As a performer of Judy Garland musical memorabilia he was very respectful of the artistry that contributed to her triumph that April night forty-five years ago. In anticipation, the audience didn’t know quite what to expect. One of the people in my party half-expected (and was looking forward to) some kind of drag version of the concert. Another had seen the original concert. Both saw neither last night.

Mr. Wainwright’s performance is somewhat stocky. He is ungainly and does not look particularly comfortable moving about the stage. I thought to myself: that’s probably what I’d look like if I were up there moving around. He obviously has no dance background or sense of using his body (hands/arms) to express himself. Although he attempts it, but only with the sensibility of an amateur. Mr. Wainwright, however, we know is not an amateur. He simply lacks her background. Garland, like a lot of great performers actually learned how to do it – how to sing that song or dance it up – either in vaudeville or from parents or from teachers. In her case there were many including, perhaps especially, Kay Thompson at MGM.

The diminutive, terpsichorean little Miss Garland performed with the grace and flutter of a moth daring the flame. When she sang “The Man That Got Away” (which was written for her) with the last line:

“There is nothing sadder than
A one-man woman
looking for the man
That got away ...”

That “sadder” was right up there on the stage; you believed it. When she sang “That’s Entertainment:”

“It might be a scene like you see on the screen,
A swain getting slain
For the love of a queen;
Some great Shakespearean scene
Where a chap kills his father
And causes a lot of bother …”

You saw the scenes as she sang about them, on your way to the circus. So great was her ability to move, to mime, to mimic, to rhyme; so clear was her grasp of the lyric, whatever the lyric, that she could deliver each piece as a separate playlet or comedy. That was her genius.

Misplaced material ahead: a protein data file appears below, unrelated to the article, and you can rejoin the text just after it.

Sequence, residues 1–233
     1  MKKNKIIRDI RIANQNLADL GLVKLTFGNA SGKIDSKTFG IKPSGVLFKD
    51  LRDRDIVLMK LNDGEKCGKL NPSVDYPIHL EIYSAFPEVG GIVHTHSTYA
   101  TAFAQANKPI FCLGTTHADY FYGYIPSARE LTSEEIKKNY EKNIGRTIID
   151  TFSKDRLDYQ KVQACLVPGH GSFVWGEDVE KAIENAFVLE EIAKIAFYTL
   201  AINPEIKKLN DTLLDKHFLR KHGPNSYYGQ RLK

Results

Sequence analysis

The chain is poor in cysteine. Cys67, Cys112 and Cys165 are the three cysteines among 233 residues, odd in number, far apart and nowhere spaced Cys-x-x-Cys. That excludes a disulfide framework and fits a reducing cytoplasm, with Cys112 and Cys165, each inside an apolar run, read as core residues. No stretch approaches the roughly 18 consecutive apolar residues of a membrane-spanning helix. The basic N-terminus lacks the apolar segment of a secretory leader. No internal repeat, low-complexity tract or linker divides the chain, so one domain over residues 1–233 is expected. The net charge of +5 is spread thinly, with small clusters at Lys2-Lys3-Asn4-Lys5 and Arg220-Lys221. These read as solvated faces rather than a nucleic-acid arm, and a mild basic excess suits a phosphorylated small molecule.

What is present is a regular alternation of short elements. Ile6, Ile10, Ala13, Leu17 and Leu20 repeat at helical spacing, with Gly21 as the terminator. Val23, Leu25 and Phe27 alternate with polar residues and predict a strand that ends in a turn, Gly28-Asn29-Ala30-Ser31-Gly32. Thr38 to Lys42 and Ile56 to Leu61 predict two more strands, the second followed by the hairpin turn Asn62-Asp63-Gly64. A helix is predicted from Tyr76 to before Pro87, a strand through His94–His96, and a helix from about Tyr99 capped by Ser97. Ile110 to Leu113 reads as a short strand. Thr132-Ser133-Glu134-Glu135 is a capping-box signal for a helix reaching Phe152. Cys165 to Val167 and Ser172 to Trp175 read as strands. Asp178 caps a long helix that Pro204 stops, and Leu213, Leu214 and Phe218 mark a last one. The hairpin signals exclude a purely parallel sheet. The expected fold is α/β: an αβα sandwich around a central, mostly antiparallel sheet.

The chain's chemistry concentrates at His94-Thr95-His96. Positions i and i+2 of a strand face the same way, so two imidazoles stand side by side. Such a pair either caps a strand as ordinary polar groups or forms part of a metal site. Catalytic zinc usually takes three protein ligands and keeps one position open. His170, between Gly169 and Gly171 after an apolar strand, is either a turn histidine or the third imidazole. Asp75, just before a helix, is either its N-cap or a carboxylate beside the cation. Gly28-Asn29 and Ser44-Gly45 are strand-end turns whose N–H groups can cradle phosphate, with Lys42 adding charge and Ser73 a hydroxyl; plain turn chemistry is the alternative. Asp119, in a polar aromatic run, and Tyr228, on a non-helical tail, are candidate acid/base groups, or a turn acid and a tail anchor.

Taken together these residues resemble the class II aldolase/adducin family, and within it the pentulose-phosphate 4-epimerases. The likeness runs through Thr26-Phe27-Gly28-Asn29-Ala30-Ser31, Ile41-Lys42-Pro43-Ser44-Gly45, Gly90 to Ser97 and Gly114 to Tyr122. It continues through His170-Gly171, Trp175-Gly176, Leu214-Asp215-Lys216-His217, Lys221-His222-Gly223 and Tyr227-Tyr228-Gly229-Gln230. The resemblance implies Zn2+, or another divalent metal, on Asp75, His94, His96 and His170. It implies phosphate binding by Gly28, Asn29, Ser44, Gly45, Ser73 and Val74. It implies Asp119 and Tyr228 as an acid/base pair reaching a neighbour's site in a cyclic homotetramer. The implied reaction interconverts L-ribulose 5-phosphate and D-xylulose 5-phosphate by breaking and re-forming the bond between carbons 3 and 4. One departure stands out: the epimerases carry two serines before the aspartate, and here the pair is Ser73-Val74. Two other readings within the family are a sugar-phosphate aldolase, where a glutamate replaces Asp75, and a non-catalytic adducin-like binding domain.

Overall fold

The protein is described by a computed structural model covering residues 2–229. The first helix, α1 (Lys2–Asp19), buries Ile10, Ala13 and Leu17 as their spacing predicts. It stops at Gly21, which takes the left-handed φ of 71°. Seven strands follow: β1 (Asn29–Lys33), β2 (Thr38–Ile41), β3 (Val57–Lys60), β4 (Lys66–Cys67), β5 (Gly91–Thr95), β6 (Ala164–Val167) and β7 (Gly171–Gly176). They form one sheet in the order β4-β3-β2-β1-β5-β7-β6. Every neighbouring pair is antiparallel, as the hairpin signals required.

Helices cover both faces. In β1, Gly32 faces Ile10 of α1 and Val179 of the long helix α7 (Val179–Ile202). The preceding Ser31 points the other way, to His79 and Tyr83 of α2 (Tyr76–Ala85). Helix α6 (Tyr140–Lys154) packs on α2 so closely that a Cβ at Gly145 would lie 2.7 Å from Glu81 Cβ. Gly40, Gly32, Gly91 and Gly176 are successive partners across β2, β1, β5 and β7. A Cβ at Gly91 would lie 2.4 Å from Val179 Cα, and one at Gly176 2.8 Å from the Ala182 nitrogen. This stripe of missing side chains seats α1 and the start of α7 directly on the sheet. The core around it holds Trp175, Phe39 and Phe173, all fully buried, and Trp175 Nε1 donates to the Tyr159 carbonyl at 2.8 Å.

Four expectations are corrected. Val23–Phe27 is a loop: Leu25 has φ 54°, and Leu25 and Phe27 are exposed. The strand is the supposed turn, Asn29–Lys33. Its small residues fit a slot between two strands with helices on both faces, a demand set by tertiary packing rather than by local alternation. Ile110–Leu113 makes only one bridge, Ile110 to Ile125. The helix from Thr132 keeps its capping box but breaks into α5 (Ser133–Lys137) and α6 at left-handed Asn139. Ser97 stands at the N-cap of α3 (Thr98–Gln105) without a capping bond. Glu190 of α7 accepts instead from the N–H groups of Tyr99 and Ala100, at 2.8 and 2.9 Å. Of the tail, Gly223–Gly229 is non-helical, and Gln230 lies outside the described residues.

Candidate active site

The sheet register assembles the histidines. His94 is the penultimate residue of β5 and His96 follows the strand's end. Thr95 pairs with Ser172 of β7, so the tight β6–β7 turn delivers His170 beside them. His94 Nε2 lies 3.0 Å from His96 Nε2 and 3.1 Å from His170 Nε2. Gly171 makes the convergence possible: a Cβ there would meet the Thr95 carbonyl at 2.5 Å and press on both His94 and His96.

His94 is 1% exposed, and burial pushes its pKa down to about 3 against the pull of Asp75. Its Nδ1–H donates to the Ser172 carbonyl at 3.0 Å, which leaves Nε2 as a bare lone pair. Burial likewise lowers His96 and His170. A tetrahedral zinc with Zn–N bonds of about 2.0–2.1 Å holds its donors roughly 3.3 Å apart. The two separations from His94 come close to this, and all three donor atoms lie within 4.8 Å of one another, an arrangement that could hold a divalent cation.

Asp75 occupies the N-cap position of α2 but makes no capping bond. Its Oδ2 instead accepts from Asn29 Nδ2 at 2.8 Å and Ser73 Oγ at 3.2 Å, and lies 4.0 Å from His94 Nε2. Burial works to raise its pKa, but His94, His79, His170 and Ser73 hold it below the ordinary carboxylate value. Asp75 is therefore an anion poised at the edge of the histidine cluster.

Mr. Wainwright does not possess that genius. He possesses the great self-confidence to engage in such a conceit as replicating the Garland concert, but he does not possess the vocal ingenuity, the actor’s sense, the dancer’s lightness or the tragedian’s sense of irony.

My aforementioned friends were very disappointed. Judging from the audience’s response, they were two of the few. For the audience loved him. They went wild. There were a lot of people in the house who were familiar with the concert album and knew (I was one of them) all the patter, practically by heart, and which tune followed the last, etc. So when Wainwright took an intermission after “San Francisco,” I was already humming “I Can’t Give You Anything But Love” in my head.

A 40th-anniversary recording of Garland's Carnegie performance was released in 2001 by Capitol Records.
A poster for Wainwright's concert mimics the one for Garland's.
Above & below, left: From last night's performance at Carnegie Hall.
Below, right: A portrait of Rufus.

My guess is a lot of the audience, especially those who hadn’t been born until long after Judy Garland has passed on, were not really familiar with the superb material that her managers and music directors had chosen for her program. Because of Rufus Wainwright, they were hearing it for the first time. They heard the hauntingess of Dietz & Schwartz's “Alone Together” and the light and inebriating “You Go To My Head.” They heard language and wit and intoxicating melody all in one package, something that is almost non-existent in contemporary culture.

Mr. Wainwight does have a tendency to dentalize his “s’s” and his “t’s” (someone later told me he has a lisp) which is not such a bad thing per se but somewhat off-putting when you’re hearing it in a song. On the stage. Of Carnegie Hall. In a karaoke bar, okay; but. He also lacks the vocal control that would avoid his singing the Gershwin’s “Who Cares” (“if the sky cares to fall in the sea”) completely flat from beginning to end. Again, the audience didn’t mind. Except for the two on my left.

However, was it fun to watch this man with the chutzpah (it takes chutzpah to attempt to replicate an almost immortal artist)? Yes it was fun. Did he give it his all? I’d say he gave it his all. And did the audience give him a standing ovation? They did. And so ... hey kid, that’s show business.



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June 14, 2006, Volume VI, Number 98
Photographs by Jeff Hirsch/NYSD.com




 

© 2006 David Patrick Columbia & Jeffrey Hirsch/NewYorkSocialDiary.com